plt.xticks( numdigits ) # make sure all the digits are on the x-axis
plt.xlabel("Digits")
plt.ylabel("Frequencies")
plt.title("Male heights do not seem to satisfy Benford's law.");


Gaussian distributed numbers ( those whose distributions resemble a "bell curve" ) in general do not tend to satisfy Benford's law, nor does uniformly randomly generated numbers such as those produced by a random number generator.

In [95]:
UniformlyRandom = numpy.random.randint(0,100,1000)
UniformlyRandom[:20]

Out[95]:
array([64, 97, 49, 87, 11, 50, 50, 25, 41, 49, 30, 30, 79, 93, 77, 66, 27,
82, 60, 77])
In [96]:
NumbersAsStrings = [ str(number) for number in UniformlyRandom]
PatternCounts = { '1':0, '2':0, '3':0, '4':0, '5':0,
'6':0, '7':0, '8':0, '9':0 }

for word in NumbersAsStrings:
for pattern in PatternCounts.keys():
if( re.match(pattern,word) ):
PatternCounts[pattern] += 1

numdigits = [1,2,3,4,5,6,7,8,9]
strdigits = ['1', '2', '3', '4', '5', '6', '7', '8', '9']

TotalCount = len( NumbersAsStrings )
Frequencies = [ PatternCounts[digit]/TotalCount for digit in strdigits ]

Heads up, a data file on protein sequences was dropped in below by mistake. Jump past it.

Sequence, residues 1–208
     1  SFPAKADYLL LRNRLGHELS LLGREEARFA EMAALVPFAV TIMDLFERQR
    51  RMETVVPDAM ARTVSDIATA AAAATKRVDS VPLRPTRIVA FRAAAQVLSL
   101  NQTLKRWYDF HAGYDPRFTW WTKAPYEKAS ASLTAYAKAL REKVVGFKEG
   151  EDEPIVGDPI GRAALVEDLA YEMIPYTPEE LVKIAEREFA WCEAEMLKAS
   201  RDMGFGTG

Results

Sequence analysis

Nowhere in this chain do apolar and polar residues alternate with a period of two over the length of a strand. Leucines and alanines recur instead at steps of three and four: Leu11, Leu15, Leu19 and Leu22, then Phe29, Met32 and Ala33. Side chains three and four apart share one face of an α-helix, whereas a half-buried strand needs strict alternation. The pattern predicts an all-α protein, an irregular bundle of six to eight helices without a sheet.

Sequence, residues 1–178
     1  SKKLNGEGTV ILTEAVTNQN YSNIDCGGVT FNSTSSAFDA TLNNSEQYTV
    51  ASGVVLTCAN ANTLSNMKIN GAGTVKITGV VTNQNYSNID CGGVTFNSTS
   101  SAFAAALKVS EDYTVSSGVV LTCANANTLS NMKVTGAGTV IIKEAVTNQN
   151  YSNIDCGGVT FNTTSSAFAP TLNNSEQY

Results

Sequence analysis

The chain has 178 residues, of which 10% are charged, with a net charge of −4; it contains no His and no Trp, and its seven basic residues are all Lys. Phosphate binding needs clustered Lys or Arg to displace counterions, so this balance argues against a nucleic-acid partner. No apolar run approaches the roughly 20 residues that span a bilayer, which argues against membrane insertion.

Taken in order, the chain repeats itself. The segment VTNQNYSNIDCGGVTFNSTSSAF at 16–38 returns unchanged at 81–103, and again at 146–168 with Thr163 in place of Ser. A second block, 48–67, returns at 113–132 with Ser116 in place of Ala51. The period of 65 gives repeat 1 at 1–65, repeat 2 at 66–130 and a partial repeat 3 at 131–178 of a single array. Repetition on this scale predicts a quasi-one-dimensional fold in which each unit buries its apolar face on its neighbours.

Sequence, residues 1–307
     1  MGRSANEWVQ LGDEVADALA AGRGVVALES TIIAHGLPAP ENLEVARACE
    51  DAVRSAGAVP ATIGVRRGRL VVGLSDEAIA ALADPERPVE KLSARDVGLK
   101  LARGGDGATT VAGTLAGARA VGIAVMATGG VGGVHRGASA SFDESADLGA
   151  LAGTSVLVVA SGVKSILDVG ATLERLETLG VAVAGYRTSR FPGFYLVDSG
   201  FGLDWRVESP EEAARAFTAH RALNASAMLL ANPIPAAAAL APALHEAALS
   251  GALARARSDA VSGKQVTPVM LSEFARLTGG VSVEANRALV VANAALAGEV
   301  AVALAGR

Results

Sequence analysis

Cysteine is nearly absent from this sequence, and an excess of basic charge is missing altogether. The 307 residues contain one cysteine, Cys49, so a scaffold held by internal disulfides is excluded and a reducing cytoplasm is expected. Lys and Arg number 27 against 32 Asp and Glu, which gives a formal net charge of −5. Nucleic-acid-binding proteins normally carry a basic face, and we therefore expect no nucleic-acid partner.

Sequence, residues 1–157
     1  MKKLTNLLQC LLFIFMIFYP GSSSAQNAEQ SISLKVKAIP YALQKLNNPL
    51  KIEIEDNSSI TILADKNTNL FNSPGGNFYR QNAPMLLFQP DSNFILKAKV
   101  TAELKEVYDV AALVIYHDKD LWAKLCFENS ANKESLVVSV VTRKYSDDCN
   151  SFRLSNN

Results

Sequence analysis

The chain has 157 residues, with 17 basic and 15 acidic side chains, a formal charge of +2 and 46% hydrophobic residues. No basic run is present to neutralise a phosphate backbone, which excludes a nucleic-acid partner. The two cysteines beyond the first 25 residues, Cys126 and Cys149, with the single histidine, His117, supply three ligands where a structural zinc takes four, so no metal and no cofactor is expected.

plt.bar( numdigits, Frequencies, align='center')
plt.xticks( numdigits ) # make sure all the digits are on the x-axis
plt.xlabel("Digits")
plt.ylabel("Frequencies")
plt.title("Uniformly Random numbers do not satisfy Benford's law");

In [97]:
GaussianRandom = numpy.random.normal(50,25,1000)
GaussianRandom[:20]

Out[97]:
array([  50.94841232,   61.49065243,   41.04927409,   54.21446354,
37.4745367 ,   55.29785662,   67.365609  ,   34.64523101,
2.62123397,   67.63679727,   84.25281332,   40.84565143,
45.41958426,  100.65804182,  -17.20894648,   58.28237972,
43.25404614,   80.54533311,   64.54837152,   94.46212781])
In [98]:
NumbersAsStrings = [ str(number) for number in GaussianRandom]
PatternCounts = { '1':0, '2':0, '3':0, '4':0, '5':0,
'6':0, '7':0, '8':0, '9':0 }

for word in NumbersAsStrings:
for pattern in PatternCounts.keys():
if( re.match(pattern,word) ):
PatternCounts[pattern] += 1

numdigits = [1,2,3,4,5,6,7,8,9]
strdigits = ['1', '2', '3', '4', '5', '6', '7', '8', '9']

TotalCount = len( NumbersAsStrings )
Frequencies = [ PatternCounts[digit]/TotalCount for digit in strdigits ]

plt.bar( numdigits, Frequencies, align='center')
plt.xticks( numdigits ) # make sure all the digits are on the x-axis